Commenting on Spielberg’s view that Netflix films should not be eligible for the Oscars because they are typically not screened in theatres, Sarandos argues: “What is a TV movie? Is it because you see it on TV? Because most people see most movies on TV. We want to be where the audience is and the audience, for most movies, is at home.”

The nine movies in the running for best picture this year played to 635-million empty seats in theatres, Sarandos says. “You want to talk about what room is a movie seen in? Let’s begin with: Was it seen?

“The Academy awards will have a challenge over time, just like the Cannes festival of how do you stay relevant when the movies you are talking about are irrelevant to the audience.”

Netflix is seeking opportunities to produce original South African content to show on its global platform.

Many Netflix productions have already been filmed, in part, in South Africa, including the science fiction series Black Mirror and the historical drama The Crown.

“We do a lot of production [in South Africa],” says Sarandos. “When we go there with one of our shows, we meet a lot of creatives and story producers and we take pitches.”

The South African film Inxeba (The Wound) is available on Netflix in the US. But will its viewership there dictate whether Netflix will make content in South Africa? “No,” says Sarandos. “It’s very case-specific; we will make original content in South Africa, regardless.”

In measuring the success of a production, Netflix has different goals for every project. “Every project has its own viewership target relative to what it cost. So something relatively inexpensive is geared to a smaller audience and, if it reaches that audience, it is successful,” he says.

In other cases, the reach exceeds expectations. For example, La Casa de Papel (known to English-speaking viewers as Money Heist) was a series created with Spanish audiences in mind but became a worldwide success.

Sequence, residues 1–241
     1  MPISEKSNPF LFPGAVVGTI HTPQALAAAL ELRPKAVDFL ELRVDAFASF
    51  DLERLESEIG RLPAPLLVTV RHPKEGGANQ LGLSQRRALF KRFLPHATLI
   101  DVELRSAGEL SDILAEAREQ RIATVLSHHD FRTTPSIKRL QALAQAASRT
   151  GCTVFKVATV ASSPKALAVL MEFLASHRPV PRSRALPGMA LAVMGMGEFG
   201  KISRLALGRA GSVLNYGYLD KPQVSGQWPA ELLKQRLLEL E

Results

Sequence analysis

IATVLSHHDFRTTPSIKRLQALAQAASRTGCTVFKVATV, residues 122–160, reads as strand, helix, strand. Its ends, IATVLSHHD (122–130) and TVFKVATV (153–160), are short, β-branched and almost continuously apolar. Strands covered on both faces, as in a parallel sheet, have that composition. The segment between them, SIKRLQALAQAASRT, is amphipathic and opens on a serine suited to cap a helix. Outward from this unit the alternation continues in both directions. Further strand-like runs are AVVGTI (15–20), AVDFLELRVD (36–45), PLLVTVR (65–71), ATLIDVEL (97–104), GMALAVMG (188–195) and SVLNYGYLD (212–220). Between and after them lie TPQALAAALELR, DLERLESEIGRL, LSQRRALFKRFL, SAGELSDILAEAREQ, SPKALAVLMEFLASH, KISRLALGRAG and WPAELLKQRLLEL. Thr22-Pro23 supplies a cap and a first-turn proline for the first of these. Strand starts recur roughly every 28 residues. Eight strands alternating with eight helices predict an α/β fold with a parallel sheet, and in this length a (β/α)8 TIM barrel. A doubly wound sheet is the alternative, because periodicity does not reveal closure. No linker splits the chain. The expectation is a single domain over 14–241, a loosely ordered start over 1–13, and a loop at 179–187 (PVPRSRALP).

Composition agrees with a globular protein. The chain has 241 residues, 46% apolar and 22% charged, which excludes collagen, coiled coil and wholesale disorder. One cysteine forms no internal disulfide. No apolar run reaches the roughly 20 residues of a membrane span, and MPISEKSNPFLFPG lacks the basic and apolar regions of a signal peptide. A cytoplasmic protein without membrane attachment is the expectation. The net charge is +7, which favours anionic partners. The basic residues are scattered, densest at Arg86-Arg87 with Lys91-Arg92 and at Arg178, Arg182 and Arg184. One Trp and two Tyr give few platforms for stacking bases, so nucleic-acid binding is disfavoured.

But completion rates are an important measure. “If someone clicks a show, watches one episode and bails out, we don’t count that as a view, we just count that as a sample,” Sarandos says.

Whether South Africans have an appetite for local content on Netflix is one question, but does the world?

“When you tell a story well, it definitely resonates,” says Hastings. Asked whether global audiences can identify with South African characters, he says: “It depends on the quality of the storytelling. Think of Asian content, that’s even more different and sometimes it crosses over.”

Asked about the sustainability of Netflix, Hastings says it only requires that more and more people subscribe.

With 125-million subscribers (55% of which are outside of the US) and six million more forecast to join this quarter, Hastings sees plenty of room to grow. In the world, outside China, there are 700-million who pay for television, 800-million who pay for fixed-line internet and two billion YouTube and Facebook users.

“It’s a big potential. How many will choose to pay us, it’s hard to say. But we have got a lot of room to grow.”

The Mail & Guardian was a guest of Netflix in attending its annual See What’s Next event, which took place in Rome last month